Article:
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Egyptian NGOs Condemn Anti-Christian Violence

NGOs condemn rising Islamist violence against Christians and call upon the government to enforce the law.
By Kochava Rozenbaum
First Publish: 8/8/2013, 5:26 PM

Sectarian clashes outside the Egyptian Coptic Cathedral in Cairo's Abbassiya neighborhood
Sectarian clashes outside the Egyptian Coptic Cathedral in Cairo's Abbassiya neighborhood
AFP photo

Reoccurring assaults of sectarian violence prompted 16 Egyptian rights organizations to issue a statement criticizing the government and Islamist groups such as the Muslim Brotherhood and its allies. Sectarian crimes targeting Christian citizens have escalated since the ousting of President Mohamed Morsi.

The NGOs urged security officials for higher protection and intervention during future clashes between Islamist groups targeting Christian civilians.

In a recent case, in the village of Minya's Beni-Ahmed, sectarian violence broke out last Saturday as many Christian-owned properties were destroyed and homes were torched.

The statement emphasized "the negligence of the security forces which only intervened two hours after the clashes erupted," saying that despite their securing of the town's church, they neglected to prevent attacks on private property.

NGOs called upon the state to carry out investigation of incidents of sectarian violence and to prosecute the perpetrators impartially.

They also insisted that Islamist groups should reject violence, prohibit the incitement of religious hatred and condemn those who partake in these crimes.

The statement blames state institutions for their lack in providing the necessary protection to Christian citizens, criticizing them for not "decisively confronting the sectarian attacks or enforcing the law by holding those responsible for violence to account." 

Coptic Christians are an indigenous community which makes up around 10% of Egypt's population, and which has long complained of systematic discrimination and violent attacks by the authorities and Islamist terrorists respectively. The Coptic leader, Pope Tawadros II, was fiercely criticized by the Muslim Brotherhood after coming out in support of the military's decision to oust President Mohammed Morsi.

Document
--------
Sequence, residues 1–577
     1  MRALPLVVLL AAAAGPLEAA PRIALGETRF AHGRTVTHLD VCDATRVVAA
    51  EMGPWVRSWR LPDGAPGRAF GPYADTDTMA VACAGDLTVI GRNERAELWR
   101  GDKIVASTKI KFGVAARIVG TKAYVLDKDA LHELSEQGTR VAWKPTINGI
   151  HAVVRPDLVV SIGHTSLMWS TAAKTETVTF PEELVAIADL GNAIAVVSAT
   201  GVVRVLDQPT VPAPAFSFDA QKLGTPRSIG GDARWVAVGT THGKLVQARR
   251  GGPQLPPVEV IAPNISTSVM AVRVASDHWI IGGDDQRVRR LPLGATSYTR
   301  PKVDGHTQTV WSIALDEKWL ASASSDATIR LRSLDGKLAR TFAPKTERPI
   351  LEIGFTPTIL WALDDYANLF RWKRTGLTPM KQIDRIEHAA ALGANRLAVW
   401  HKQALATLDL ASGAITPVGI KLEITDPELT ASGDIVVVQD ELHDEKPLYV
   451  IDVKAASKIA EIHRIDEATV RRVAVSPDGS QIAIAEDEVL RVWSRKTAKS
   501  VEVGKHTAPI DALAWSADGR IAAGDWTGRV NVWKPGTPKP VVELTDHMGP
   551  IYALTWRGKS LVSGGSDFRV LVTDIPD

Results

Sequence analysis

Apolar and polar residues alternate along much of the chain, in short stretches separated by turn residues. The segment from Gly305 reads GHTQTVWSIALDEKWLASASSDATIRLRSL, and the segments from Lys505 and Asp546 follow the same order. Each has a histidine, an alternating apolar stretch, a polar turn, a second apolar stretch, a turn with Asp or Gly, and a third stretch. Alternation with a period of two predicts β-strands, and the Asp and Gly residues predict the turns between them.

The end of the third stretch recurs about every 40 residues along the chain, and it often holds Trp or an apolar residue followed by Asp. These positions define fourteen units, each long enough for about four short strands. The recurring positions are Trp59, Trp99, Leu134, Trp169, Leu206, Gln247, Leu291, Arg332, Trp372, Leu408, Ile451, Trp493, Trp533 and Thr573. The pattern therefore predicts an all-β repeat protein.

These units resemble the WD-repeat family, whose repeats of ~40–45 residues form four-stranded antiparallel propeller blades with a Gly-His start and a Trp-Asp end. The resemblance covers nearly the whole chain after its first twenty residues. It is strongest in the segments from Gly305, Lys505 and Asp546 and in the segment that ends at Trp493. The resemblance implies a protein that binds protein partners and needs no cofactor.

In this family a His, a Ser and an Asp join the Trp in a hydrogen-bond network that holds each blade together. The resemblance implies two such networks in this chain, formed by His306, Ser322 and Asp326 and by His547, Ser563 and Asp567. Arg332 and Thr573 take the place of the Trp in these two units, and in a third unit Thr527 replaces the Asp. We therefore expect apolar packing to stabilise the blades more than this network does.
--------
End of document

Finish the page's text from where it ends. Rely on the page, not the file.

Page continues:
Tawadros's comments marked a significant departure from his predecessor, who maintained a low profile in political matters, primarily out of fear that the Christian community would be targeted by either Islamists or the authorities.

Coptic groups fear that their community is being scapegoated by Islamists bitter at Morsi's removal by the secular military establishment.

Last week, Al Qaeda head Ayman al-Zawahiri directly blamed Egyptian Copts for Morsi's ouster, claiming they wanted to use it as an opportunity to establish an independent "Coptic state."

The attacks compound growing concerns over the plight of the Middle East's various Christian sects, as communities from Iran, Iraq, Syria and elsewhere face mounting threats from Islamists both in government and the opposition. A report last year by Civitas, a British think-tank, warned that Christianity in the Middle East was facing "extinction" due to mounting attacks and persecution.

Today, Israel is the only country in the Middle East with a growing Christian population.